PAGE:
How much of the bigger Marvel Universe are you weaving in?
[Screenwriter/Co-Creator Christopher] McFeely: We can’t help but weave in the Marvel Universe. We’ve been at this for a few years now. All of our reference points are within the universe. We need a scientist character. We didn’t go very far to come up with Anton Vanko, just as a very small part scientist character. If you know what he is, or what he goes on to be, that’s interesting. If not, he’s the Russian scientist.
[Screenwriter/Co-Creator Stephen] Markus: Also, working in the past where you already know the future — obviously, we saw ninety-something old Peggy — there are references being made, whether you do them on purpose or not. We know Hydra eventually took over S.H.I.E.L.D. When somebody says something hopeful about the future in Agent Carter, that is going to be tinged with the fact we know the future didn’t work out that well. There are plenty of little indicators of the future going forward, and the legacy of both the S.S.R. and Howard’s technology that will have ramifications later.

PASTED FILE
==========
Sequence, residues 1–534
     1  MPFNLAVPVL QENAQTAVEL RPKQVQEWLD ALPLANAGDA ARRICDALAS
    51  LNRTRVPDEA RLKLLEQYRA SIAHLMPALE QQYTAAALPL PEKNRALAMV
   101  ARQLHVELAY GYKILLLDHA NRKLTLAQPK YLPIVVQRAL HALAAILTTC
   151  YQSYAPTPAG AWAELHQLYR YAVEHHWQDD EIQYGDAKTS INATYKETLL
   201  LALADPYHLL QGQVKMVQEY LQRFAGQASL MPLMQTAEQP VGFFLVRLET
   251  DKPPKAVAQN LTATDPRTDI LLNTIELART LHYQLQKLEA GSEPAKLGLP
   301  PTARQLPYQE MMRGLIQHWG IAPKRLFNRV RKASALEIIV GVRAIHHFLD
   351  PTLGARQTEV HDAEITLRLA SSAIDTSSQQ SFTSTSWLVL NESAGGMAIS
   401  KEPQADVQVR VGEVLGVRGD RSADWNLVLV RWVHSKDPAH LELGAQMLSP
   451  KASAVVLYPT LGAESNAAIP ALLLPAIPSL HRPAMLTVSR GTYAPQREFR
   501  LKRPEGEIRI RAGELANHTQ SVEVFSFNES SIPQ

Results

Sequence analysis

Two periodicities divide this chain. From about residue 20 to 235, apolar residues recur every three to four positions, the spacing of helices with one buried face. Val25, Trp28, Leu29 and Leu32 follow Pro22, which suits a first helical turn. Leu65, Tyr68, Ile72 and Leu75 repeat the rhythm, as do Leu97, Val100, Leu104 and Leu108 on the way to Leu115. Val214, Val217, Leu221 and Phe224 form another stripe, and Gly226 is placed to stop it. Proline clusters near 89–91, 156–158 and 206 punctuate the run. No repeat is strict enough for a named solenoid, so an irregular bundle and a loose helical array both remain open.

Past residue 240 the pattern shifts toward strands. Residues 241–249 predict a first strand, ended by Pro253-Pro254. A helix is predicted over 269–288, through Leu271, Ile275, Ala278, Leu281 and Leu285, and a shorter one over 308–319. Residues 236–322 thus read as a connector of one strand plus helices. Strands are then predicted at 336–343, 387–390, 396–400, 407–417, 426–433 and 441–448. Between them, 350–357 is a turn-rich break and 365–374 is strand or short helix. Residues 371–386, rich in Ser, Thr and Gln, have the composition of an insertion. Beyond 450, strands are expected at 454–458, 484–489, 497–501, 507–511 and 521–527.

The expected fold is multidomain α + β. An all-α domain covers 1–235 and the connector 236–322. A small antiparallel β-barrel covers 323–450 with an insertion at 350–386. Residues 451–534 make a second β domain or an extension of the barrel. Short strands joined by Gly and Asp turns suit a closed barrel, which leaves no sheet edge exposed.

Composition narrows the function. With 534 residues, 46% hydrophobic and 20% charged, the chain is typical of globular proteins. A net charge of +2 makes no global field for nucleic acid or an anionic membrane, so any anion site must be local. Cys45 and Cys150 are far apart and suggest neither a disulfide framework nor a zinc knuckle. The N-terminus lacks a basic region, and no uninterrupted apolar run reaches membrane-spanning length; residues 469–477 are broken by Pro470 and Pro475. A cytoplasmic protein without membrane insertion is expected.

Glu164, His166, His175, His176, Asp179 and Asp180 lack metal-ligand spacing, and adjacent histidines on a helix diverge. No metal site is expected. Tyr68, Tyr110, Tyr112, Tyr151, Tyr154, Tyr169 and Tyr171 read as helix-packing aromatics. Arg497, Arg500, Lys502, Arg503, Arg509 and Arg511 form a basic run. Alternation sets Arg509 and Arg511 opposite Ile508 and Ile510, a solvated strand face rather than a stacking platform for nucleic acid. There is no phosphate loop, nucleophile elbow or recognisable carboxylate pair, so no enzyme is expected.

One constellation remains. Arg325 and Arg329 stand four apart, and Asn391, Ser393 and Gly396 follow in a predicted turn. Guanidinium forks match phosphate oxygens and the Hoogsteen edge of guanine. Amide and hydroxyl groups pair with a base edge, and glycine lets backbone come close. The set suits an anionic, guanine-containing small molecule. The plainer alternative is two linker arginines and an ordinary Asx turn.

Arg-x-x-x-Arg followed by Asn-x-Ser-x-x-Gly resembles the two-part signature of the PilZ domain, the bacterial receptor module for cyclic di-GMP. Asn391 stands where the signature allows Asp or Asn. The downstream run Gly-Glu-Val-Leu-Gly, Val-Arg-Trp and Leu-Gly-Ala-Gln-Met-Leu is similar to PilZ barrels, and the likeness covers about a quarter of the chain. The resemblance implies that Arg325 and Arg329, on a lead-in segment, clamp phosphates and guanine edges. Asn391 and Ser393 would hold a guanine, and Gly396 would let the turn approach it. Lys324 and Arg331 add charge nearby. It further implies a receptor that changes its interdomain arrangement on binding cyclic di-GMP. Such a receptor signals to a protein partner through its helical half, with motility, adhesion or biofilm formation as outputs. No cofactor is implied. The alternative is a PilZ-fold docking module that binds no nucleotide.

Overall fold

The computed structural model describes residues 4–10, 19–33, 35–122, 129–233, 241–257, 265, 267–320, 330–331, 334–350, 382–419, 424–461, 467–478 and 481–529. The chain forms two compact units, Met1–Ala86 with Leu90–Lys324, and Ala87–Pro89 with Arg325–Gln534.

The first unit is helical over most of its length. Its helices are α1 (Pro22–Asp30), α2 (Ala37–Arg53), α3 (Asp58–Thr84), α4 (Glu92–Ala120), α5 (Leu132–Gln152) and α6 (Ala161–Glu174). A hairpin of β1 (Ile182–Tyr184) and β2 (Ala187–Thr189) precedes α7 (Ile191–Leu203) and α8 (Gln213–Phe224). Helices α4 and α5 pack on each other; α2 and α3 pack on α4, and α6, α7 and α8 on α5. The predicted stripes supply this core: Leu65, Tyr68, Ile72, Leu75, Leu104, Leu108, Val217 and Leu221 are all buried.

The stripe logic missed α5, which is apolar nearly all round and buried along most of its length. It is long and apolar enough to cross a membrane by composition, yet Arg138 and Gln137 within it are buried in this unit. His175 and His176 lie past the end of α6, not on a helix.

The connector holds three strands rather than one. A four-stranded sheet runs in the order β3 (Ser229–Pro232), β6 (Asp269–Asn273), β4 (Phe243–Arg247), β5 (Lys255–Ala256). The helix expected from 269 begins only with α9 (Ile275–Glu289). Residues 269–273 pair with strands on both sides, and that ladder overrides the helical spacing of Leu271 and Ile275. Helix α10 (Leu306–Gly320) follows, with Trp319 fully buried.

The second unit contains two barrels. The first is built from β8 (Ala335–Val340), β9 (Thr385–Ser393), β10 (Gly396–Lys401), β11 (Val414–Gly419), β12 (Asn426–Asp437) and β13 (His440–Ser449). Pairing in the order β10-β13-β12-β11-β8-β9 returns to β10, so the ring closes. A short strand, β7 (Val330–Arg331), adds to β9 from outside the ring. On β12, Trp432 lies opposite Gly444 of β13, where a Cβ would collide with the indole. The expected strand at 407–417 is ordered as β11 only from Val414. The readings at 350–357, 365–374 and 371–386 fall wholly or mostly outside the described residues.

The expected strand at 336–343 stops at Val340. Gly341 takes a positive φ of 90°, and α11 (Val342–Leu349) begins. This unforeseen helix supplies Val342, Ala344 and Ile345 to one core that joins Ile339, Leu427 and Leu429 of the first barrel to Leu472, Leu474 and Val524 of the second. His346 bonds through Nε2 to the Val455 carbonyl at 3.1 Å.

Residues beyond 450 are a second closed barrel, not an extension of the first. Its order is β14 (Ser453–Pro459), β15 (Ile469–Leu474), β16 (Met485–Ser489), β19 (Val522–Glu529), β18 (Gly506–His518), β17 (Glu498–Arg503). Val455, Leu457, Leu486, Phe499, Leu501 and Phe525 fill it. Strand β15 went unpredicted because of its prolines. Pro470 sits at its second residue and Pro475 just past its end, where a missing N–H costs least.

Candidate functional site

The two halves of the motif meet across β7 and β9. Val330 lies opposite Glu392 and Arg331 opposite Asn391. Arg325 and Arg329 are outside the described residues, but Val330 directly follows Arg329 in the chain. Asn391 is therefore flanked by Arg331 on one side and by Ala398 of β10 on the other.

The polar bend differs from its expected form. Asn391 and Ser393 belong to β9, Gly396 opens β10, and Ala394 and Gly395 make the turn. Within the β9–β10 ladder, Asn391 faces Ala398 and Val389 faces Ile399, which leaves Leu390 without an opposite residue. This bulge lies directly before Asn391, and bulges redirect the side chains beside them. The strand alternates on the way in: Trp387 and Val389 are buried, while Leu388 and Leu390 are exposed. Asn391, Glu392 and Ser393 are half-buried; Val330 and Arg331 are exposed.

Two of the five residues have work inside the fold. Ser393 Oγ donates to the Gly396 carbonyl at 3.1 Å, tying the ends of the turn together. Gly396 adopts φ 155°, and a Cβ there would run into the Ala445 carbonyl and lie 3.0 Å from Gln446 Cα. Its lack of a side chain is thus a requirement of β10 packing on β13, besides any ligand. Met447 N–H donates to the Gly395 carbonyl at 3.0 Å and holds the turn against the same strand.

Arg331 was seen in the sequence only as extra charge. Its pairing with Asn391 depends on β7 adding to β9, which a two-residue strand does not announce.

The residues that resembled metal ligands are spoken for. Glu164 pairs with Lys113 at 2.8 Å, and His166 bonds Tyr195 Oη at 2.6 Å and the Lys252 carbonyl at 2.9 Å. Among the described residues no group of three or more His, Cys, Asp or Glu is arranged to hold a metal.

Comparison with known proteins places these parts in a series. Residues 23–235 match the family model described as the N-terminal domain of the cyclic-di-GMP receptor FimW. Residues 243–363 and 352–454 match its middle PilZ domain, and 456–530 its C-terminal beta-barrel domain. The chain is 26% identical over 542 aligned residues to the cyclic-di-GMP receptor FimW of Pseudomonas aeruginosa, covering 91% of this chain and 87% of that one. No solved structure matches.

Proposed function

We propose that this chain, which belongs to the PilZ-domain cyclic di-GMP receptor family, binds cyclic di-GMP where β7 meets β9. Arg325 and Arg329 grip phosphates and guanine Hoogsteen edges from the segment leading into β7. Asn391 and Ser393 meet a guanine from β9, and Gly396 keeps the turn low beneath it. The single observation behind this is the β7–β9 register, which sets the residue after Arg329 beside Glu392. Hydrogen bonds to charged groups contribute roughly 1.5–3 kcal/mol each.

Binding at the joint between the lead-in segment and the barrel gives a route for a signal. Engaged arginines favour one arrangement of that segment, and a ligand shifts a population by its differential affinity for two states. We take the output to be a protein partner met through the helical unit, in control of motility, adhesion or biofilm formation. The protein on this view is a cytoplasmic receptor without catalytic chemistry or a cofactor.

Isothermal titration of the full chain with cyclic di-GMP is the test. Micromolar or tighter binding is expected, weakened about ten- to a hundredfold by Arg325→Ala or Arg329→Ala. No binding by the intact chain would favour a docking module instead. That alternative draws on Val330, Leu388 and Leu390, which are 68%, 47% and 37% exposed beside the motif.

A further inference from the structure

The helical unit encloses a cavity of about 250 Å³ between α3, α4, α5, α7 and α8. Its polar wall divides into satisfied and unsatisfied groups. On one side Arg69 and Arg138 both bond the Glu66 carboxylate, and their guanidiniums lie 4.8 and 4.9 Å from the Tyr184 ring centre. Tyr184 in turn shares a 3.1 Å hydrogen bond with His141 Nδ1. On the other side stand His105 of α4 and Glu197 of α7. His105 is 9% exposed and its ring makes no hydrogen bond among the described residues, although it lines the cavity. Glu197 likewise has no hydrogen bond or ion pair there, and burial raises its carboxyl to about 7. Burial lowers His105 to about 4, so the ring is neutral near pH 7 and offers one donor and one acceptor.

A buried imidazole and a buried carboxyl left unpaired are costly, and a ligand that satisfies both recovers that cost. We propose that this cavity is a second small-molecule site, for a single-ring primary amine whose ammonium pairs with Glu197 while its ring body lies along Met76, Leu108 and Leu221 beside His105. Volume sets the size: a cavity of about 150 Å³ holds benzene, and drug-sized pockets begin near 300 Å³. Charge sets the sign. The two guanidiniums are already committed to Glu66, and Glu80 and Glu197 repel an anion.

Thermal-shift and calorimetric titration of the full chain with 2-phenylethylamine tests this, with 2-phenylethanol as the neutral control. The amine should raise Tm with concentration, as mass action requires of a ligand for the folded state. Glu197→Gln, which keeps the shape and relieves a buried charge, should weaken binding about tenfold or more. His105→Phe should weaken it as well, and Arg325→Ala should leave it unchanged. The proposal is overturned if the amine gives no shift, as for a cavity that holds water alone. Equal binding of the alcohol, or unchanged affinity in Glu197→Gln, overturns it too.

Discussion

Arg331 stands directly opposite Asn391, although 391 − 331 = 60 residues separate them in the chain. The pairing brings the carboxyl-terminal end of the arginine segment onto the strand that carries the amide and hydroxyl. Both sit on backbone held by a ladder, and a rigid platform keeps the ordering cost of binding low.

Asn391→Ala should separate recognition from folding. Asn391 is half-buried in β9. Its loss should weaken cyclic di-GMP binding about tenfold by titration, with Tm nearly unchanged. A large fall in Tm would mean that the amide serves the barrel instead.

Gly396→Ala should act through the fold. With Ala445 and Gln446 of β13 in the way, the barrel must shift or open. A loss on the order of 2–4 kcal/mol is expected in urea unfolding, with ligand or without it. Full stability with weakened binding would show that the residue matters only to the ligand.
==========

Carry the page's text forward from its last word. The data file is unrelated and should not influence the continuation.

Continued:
It’s almost like the M. Night Shyamalan curse, though. Viewers always expect some crazy twist in his movies. With Marvel, people anticipate all these tie-ins to other projects.
McFeely: I suppose it has the red box on the front. It’s a Marvel project, so they are going to expect something. But we’ve really tried to make the best show, about an interesting character in a world where there are some glowing objects and where a superhero has died.
Markus: We are also slightly freed up from that interconnection by the period. On “Agents of S.H.I.E.L.D.,” Captain America and Iron Man and everybody are running around in that same world and same time period. They could theoretically show up at the door. There’s nobody around during “Agent Carter.” You can’t have an end-of-the-credits tag where Nick Fury shows up and talks to Peggy. He hasn’t been conceived yet. We’re a little cocooned.
– from an Interview at Comicbookresources.com